Thankfully the love triangle I fully expected never emerged. I was quite relived because love triangles are never done well and frustrate me beyond belief. However, the romance still felt too much like a box mix. Just add water and bam, love awaits. Actually, the pivotal romantic moment involves rain, so the box mix analogy is not far off the mark. The love interest, Linus, mistrusts Rosie the first minute he meets her and then has a heart-to-heart with her in the next paragraph. All on camera of course. My personal view on love at first sight aside, this whole romantic development feels rushed and insincere. Especially since most of this “romance” involves Rosie constantly questioning Linus’ motives at every turn. O’Brien hints at Linus’ tumultuous childhood yet never gives a real backstory. This lack makes Linus come across as one-dimensional. He appears when the narrative requires a voice of reason to counter Rosie’s mounting paranoia. Linus suffers from an appalling lack of personality. Hopefully this problem will be resolved in the next installment. Otherwise, this romance is going nowhere fast.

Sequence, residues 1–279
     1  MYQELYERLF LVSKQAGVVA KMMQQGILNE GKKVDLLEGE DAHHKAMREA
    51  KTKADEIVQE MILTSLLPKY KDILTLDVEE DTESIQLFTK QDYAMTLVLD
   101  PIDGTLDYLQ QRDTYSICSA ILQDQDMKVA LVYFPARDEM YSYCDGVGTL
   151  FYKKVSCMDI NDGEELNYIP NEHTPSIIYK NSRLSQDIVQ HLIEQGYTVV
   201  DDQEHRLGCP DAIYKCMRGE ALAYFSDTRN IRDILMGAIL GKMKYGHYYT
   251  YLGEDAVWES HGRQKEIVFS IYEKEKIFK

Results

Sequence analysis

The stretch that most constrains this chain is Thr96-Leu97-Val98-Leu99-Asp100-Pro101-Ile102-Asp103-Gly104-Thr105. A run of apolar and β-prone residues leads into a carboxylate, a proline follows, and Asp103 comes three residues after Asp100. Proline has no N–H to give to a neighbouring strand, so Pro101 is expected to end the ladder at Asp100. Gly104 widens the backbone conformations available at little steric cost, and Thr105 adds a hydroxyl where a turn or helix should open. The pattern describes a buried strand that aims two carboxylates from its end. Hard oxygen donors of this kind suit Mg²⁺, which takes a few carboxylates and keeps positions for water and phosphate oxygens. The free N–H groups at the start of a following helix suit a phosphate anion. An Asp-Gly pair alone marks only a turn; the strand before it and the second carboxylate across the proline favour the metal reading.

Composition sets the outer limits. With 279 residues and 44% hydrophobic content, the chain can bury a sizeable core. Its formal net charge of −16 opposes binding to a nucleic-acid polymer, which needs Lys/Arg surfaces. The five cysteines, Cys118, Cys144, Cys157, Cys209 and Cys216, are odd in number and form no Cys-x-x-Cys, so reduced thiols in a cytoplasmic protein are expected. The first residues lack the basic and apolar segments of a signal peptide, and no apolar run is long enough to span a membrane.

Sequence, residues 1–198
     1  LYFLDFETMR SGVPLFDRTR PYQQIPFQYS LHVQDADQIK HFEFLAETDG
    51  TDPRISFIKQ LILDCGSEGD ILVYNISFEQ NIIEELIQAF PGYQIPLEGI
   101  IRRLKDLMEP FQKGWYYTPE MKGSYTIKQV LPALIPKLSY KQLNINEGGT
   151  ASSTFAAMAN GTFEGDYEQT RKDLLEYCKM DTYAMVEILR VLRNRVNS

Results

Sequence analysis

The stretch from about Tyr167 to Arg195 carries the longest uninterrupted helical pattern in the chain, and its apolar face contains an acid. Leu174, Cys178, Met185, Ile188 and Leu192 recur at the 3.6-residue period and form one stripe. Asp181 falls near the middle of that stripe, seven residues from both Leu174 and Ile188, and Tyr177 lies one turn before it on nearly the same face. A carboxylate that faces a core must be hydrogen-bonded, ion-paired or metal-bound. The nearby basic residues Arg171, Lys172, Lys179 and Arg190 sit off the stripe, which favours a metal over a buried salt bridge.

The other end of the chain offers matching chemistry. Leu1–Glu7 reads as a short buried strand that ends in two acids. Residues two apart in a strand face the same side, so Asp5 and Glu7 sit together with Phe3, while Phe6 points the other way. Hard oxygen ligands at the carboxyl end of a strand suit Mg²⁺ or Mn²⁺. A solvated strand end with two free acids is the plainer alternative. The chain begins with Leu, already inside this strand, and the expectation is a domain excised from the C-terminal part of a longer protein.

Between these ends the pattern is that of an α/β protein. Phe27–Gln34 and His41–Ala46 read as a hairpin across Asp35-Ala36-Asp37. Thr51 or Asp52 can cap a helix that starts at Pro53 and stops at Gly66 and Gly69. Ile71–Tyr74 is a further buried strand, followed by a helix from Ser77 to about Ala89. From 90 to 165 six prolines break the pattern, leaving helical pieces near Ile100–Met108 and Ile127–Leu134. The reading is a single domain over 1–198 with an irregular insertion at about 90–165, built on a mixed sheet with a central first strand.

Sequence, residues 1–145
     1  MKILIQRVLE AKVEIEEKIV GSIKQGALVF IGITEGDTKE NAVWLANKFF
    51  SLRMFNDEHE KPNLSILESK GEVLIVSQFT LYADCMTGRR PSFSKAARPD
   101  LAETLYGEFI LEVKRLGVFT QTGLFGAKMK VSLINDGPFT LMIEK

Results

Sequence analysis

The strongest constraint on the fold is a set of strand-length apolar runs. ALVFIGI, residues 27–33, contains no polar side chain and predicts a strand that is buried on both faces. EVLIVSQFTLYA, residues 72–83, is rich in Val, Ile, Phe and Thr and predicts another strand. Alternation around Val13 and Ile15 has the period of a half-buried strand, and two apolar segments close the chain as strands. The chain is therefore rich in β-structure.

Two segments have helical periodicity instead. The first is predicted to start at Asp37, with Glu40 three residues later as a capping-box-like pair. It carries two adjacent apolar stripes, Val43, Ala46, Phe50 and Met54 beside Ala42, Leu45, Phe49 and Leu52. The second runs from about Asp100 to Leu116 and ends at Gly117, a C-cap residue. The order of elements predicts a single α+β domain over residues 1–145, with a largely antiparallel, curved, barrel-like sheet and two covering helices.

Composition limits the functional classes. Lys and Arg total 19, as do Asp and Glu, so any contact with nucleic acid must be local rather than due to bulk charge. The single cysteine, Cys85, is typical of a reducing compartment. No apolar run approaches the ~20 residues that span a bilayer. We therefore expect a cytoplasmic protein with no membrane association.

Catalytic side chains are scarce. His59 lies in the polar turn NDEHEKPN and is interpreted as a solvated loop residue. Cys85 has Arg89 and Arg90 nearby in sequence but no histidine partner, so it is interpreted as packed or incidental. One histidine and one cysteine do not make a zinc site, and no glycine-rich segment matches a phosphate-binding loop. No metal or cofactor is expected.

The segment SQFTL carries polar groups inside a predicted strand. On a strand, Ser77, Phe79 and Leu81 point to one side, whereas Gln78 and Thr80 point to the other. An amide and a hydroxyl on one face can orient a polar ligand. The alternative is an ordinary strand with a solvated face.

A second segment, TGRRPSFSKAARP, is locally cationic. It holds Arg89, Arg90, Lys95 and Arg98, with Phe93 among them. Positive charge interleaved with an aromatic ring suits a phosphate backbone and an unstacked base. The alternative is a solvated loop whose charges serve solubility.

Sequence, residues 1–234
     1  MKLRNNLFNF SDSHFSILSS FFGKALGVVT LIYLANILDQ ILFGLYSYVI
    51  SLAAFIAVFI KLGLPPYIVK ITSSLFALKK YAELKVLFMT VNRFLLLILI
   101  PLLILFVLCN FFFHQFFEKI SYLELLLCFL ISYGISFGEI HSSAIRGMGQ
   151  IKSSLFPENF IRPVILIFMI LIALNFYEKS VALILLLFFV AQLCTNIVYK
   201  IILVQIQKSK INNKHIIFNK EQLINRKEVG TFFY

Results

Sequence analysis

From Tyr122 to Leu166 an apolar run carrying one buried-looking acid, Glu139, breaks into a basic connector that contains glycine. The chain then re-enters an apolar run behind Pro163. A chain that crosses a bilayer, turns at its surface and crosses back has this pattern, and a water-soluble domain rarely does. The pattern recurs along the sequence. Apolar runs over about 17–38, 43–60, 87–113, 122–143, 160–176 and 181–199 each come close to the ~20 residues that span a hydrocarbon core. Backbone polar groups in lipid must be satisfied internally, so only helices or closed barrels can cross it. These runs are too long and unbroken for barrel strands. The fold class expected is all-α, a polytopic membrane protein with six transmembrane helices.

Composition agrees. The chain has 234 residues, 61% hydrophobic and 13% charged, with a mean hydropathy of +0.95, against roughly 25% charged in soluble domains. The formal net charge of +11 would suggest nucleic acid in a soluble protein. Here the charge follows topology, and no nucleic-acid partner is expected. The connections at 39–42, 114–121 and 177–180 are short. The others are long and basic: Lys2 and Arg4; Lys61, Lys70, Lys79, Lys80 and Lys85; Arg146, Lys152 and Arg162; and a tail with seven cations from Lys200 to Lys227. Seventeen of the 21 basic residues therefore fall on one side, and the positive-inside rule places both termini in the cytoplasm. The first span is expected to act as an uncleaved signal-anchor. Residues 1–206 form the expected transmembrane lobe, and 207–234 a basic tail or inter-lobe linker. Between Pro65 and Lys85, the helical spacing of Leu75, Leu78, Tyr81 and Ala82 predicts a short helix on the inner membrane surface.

Because The Vault of Dreamers is the first book in a trilogy, I can forgive the horrific ending and lack of characterization. However, this does no excuse the glaring problem of a poorly defined antagonist and no societal backstory. Stories set in the future require a few societal advancements in order to distinguish between the “now” and “then”. When I finished the book, I was left craving world building and explanation for the supposed scientific advancements. And the pacing goes so quickly that the book feels more like a standalone than an introduction to a trilogy. Even though I know more books are in the works, the ending feels too definitive. I will probably read the next book because I am interested to see how O’Brien gets Rosie out of her predicament. But the trilogy will fall flat if O’Brien does not flesh out her world beyond the Forge campus.
The Vault of Dreamers, Roaring Brook Press, 2014, ISBN 9781596439382
Musings on Books and movies
Musings on Books and movies